What’s the bottom line? That’s the first question most development professionals ask at the end of a campaign, and rightfully so. After all, telemarketing is marketing, and the primary goal is to make money. While the financial value of your non-profit’s telemarketing campaign may be more obvious, don’t underestimate the less-tangible benefits that come with contacting your members over the phone. Every call is an opportunity to reach out to members, build brand loyalty, and strengthen the relationships you have built over the years.
Customer (Donor) Service
When a donor receives a telephone call, they don’t really think about who they might be speaking to or what their particular role might be in the organization. They only know they are talking to someone who represents the organization – someone who might be able to help them. If they have a question or concern, they are depending on that person to assist. And that’s how it should be. The phone call should be a seamless extension of the excellent service they would receive if they called your organization directly. However, some donors with problems might never report them on their own. Instead, they may simply harbor bad feelings, and even discontinue support.
Perhaps a donor never received their thank you gift. Maybe they have a question regarding a specific program, or need details about an upcoming event. No matter the issue, each phone call is a chance to uncover and rectify any service problems that may exist, which in turn strengthens the loyalty of the member. It’s also a great time to clean up your database – correct spelling or address errors, update records for members who may have moved (or even passed away), and flag phone numbers that are no longer valid (disconnected, no longer in service, etc.).
Your telemarketing firm should send any service issues that are uncovered to you daily. You or someone you designate should then promptly correct the problem and follow-up with the donor personally, if necessary. Your donor will remember the personalized service they received, solidifying their loyalty to your organization.
Broadcast Your Message and Brand
You spend an enormous amount of time carefully crafting your message and brand – logos, direct mail pieces, brochures, on-air promotions, community events, and more. Your goals are specific. Your mission is clear. Why stop there? The telemarketing call is another way to broadcast a consistent message and get your name in front of your members.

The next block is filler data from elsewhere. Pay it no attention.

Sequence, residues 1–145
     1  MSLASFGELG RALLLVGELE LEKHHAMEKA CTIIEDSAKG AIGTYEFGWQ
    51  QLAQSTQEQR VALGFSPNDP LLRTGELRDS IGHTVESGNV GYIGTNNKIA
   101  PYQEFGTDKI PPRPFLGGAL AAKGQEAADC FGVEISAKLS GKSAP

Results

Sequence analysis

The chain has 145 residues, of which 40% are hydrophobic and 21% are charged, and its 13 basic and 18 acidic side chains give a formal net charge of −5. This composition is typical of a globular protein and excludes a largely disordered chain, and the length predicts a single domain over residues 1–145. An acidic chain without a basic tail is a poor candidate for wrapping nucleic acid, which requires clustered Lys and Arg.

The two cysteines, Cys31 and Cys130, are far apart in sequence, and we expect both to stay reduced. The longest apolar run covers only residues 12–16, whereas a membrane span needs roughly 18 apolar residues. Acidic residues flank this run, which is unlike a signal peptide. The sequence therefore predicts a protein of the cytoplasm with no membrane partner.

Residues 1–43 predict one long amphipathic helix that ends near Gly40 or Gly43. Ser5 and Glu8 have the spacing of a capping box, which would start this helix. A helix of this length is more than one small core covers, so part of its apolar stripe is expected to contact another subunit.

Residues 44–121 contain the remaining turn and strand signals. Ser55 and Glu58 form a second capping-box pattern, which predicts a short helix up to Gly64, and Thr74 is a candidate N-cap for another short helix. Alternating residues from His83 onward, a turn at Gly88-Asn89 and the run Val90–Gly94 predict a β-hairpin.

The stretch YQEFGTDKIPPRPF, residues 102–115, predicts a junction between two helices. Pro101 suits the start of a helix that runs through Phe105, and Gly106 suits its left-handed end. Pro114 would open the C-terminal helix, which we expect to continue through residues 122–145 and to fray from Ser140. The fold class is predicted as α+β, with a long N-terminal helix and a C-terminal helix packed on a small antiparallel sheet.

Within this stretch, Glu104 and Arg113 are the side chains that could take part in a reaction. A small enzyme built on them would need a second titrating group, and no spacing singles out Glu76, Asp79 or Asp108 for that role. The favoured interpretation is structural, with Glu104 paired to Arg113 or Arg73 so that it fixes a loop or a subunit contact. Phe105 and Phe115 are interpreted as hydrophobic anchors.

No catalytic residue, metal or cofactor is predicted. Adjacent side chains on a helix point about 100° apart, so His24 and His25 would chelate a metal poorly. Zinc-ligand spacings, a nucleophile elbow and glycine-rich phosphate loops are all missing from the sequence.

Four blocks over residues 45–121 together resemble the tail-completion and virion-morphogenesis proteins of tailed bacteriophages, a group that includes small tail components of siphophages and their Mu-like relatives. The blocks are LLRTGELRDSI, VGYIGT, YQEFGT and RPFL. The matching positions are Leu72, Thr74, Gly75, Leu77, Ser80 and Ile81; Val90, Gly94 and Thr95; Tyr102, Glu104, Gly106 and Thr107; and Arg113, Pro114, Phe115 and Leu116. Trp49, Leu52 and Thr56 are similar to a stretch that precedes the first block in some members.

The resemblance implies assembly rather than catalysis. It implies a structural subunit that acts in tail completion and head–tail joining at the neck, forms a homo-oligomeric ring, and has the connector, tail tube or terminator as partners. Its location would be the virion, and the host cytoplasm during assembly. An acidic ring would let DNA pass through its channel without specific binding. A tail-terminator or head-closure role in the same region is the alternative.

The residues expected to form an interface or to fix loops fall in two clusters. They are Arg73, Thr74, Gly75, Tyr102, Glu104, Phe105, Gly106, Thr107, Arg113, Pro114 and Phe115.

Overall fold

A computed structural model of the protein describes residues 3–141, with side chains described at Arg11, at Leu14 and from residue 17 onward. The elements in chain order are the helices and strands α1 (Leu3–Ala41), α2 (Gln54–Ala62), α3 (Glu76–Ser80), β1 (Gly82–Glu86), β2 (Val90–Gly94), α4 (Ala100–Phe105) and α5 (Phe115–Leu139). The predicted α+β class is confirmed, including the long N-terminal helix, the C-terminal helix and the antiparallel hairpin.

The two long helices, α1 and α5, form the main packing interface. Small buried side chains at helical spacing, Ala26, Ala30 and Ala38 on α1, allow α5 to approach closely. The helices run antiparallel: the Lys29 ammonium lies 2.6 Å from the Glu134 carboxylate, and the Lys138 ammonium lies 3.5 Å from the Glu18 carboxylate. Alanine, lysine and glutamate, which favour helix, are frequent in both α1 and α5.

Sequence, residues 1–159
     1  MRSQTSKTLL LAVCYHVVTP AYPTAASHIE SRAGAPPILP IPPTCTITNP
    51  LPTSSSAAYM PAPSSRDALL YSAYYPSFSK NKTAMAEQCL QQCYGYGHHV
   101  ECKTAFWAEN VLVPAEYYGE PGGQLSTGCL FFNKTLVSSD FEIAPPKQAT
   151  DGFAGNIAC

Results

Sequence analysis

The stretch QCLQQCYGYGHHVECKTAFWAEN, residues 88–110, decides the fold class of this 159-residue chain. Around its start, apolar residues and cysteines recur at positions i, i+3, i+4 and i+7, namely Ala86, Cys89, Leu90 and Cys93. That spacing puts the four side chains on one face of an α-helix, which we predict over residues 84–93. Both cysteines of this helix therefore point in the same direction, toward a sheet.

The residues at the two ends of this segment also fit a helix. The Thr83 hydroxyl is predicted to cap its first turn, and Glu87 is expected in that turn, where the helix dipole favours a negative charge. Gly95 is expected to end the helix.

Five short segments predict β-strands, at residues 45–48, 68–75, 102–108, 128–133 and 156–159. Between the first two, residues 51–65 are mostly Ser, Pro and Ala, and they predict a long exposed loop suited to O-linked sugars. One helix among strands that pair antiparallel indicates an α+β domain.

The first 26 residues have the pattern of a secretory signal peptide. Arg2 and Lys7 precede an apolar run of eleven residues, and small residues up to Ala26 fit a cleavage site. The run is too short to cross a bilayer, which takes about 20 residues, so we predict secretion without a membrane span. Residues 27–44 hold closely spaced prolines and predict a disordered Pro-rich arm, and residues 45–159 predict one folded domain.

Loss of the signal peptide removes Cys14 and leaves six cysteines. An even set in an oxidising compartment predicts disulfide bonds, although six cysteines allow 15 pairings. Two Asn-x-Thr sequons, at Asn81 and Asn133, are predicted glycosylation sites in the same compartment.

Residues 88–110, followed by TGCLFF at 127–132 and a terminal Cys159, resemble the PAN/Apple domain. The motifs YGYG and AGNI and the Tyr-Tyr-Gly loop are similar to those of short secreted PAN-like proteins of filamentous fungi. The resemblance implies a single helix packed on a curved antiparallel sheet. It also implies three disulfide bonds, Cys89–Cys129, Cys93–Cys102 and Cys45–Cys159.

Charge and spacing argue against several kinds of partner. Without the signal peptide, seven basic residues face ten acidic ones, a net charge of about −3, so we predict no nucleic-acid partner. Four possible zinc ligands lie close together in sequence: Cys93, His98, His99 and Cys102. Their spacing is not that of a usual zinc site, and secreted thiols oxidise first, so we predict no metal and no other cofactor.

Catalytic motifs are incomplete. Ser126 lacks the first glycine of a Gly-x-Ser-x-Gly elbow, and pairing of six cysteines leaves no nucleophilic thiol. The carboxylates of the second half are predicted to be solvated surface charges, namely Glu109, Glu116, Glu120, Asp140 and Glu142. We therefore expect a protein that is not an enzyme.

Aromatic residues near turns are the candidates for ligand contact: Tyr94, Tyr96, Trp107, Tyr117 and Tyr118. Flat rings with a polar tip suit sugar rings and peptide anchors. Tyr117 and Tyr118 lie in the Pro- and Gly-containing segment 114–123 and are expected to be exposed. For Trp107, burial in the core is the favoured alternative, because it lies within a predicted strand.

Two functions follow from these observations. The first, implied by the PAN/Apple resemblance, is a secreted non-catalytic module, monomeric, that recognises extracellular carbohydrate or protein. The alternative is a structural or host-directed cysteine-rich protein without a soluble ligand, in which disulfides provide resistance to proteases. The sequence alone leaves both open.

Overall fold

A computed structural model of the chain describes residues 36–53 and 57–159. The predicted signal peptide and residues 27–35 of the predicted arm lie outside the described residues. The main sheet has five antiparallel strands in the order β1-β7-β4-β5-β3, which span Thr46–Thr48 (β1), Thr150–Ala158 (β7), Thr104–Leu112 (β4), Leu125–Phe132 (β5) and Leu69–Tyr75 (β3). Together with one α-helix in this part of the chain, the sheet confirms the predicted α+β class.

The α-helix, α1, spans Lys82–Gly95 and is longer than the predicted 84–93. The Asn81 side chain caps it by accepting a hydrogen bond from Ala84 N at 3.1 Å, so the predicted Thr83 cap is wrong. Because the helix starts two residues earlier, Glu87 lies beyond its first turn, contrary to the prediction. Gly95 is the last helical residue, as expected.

In non-profit marketing, “effective frequency” refers to the average number of times a donor or potential donor must be exposed to your brand and message before they respond, and before additional marketing would be considered wasteful. While there has been much debate over what that magic number is (expert estimates range wildly from 3 to 20), one thing is: repeat, repeat, repeat. Donors are already besieged daily with a variety of different messages. The competition to capture and keep a donor’s attention is fierce. Don’t miss the opportunity to re-inforce your message in your telemarketing calls.
You should always have final approval over any scripts used by agents calling on your behalf. Periodically ask to review the scripts that your telemarketing firm uses to ensure the appeal, message, and tone is consistent with your organization and its values. Ask to listen to phone calls to evaluate exactly how that message is getting across. If the telemarketing firm is also sending confirmations via mail or email, be sure to routinely review the text, materials and links being used. Remember, just as is the case with other forms of marketing, your telemarketing message should be current, fresh, and consistent with your other marketing efforts.
Gather Value Feedback
A critical component of any good fundraising call is a rapport between the donor and agent. That rapport is achieved by asking the donor questions related to the value they have for the organization. This presents an enormous opportunity to collect feedback and strengthen the relationship with the donor. Everyone likes to be heard and know that their opinion matters. Why did the donor give previously? If they won’t give now, why? These are important questions.
Specifically, what types of questions should agents be asking? If your organization is a public television or radio station, find out the donor’s favorite programs. For museums, zoos and aquariums, ask about their favorite exhibits or what they enjoyed most on their last visit. For a Humane Society, inquire if they are pet owners and their adoption experiences. More general questions can be related to community outreach programs, other marketing efforts, and even your competition.
Work closely with your telemarketing firm to develop the right questions for your organization and campaign. Verify that the firm’s agents are recording the information and that it’s relayed to you for analysis. In addition to specific answers, ask for metrics related to the reasons donors are responding (either “yes” or “no”). Are an inordinate number of members saying no for a specific reason? Are there certain trends associated with the donors who are saying “yes?” The information obtained can be invaluable in improving both your organization and its relationship with donors.
The Bottom Line
So how does all of this affect the bottom line? Profoundly. Your organization works hard to establish and foster donor relationships. Just as with every other interaction with donors, the telemarketing call is one of the best ways to nurture those relationships, which in turn leads to a long, positive, and prosperous relationship.